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Johannes Bigenzahn awarded Blanca Moser Research Funding Prize 2020

Study on the identification of the LZTR1 protein as regulator of abundance and signalling activity of RAS GTPases
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Johannes Bigenzahn

(Wien, 15 September 2020) Johannes Bigenzahn from MedUni Vienna's Department of Laboratory Medicine has been awarded the Blanca Moser Research Funding Prize 2020. He is receiving this award for identifying the LZTR1 protein as regulator of the abundance and signalling activity of RAS GTPases.

"This discovery arose from the use of functional genetic screening techniques in a cellular model system of Chronic Myeloid Leukaemia (CML). It was found that the deactivation of LZTR1 leads to reduced sensitivity of cancer cells to tyrosine kinase inhibitors, due to increased RAS and MAPK signal transduction activity," explains Bigenzahn. The paper was produced by a research group led by Giulio Superti-Furga at the CeMM Research Center for Molecular Medicine of the Austrian Academy of Sciences in collaboration with various other research groups at the CeMM and MedUni Vienna and the working group led by Marek Mlodzik at the Icahn School of Medicine at Mount Sinai (New York) and has been published in the leading journal "Science".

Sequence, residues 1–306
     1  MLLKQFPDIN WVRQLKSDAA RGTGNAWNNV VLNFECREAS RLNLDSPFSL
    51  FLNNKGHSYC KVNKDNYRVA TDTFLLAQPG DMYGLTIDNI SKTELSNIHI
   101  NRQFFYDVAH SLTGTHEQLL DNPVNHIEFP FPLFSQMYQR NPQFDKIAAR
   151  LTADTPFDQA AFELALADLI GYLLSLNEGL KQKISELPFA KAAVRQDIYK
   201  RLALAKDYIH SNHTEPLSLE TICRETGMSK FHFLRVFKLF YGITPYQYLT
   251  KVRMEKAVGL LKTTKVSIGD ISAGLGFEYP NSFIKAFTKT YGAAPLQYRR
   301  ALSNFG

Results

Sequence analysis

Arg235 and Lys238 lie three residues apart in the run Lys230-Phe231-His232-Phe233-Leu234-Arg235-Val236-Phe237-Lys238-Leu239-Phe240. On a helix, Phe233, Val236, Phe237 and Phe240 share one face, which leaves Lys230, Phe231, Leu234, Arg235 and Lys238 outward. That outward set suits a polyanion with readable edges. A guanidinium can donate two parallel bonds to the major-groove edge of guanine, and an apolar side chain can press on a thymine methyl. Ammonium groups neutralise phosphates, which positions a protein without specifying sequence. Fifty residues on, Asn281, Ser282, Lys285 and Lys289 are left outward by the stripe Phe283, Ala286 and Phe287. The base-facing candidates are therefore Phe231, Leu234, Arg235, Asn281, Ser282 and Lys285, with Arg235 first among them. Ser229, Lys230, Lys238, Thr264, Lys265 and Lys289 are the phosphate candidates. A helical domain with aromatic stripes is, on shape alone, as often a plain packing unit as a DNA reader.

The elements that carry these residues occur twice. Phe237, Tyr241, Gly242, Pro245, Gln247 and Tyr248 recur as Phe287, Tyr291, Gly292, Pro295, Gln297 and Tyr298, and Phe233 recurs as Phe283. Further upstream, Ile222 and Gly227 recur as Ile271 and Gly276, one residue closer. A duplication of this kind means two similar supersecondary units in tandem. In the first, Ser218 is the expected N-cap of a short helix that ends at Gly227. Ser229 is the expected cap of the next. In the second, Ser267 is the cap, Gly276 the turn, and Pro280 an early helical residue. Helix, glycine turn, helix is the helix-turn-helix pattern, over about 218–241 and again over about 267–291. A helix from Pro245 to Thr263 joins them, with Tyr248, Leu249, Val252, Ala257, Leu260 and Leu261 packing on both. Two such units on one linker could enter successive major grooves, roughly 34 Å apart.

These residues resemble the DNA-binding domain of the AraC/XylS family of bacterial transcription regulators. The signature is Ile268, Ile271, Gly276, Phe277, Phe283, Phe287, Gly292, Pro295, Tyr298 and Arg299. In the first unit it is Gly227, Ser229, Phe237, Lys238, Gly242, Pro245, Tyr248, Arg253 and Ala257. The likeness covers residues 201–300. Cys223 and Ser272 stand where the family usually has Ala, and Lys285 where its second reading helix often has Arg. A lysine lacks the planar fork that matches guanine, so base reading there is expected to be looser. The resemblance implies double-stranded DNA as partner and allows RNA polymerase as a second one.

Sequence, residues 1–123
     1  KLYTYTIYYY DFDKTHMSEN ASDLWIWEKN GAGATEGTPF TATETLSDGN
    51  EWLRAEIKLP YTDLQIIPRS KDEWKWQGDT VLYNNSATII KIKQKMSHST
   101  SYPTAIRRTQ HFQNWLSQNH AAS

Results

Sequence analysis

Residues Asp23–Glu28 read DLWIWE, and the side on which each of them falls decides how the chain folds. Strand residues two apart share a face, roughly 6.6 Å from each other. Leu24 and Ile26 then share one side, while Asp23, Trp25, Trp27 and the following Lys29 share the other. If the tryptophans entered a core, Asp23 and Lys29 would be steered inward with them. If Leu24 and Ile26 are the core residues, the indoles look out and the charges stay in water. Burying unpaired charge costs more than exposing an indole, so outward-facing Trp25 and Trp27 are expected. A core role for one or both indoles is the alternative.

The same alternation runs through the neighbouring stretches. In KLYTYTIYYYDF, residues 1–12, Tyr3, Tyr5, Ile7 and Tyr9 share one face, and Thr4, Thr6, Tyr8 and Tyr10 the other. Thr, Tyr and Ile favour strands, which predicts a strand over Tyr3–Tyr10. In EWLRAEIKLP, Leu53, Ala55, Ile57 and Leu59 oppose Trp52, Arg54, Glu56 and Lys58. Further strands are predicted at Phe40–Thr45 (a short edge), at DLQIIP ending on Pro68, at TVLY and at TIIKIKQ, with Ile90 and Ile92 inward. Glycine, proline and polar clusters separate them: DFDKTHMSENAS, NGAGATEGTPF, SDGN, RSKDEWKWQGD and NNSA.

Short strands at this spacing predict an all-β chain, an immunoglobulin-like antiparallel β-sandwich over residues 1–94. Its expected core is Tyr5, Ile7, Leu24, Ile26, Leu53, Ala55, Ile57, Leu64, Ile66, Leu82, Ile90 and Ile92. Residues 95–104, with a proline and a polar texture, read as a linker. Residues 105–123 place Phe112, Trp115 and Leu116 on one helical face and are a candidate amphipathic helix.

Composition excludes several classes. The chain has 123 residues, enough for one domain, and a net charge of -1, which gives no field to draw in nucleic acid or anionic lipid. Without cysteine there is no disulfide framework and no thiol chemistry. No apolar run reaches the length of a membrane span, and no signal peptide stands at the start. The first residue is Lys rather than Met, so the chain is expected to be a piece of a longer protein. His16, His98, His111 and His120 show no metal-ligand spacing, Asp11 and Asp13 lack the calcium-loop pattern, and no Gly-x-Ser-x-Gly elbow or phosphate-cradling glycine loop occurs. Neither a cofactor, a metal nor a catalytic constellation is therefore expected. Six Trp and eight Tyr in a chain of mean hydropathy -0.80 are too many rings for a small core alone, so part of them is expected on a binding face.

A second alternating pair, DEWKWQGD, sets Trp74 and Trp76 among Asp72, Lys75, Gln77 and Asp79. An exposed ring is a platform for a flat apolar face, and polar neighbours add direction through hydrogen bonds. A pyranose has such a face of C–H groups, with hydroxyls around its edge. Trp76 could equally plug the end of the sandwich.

About Johannes Bigenzahn
Johannes Bigenzahn studied human medicine at the Medical University of Vienna from 2004 until 2010. He gained his initial research experience while preparing his thesis as a student. He completed his PhD and is  now a postdoc in Giulio Superti-Furga's research group at the CeMM. Since 2019, he has also been training as a specialist in medical and chemical laboratory diagnostics at the Medical University of Vienna. He completed his PhD in 2017 on the N094 "Molecular Signal Transduction" programme.

Bigenzahn's main research interests are the identification of new molecular mechanisms in the development of drug-resistance in cancer and the proteostatic regulation of signal transduction proteins within Giulio Superti-Furga's working group at the CeMM. This research takes place in close collaboration with the Austrian Science Fund's myeloproliferative neoplasia research programme.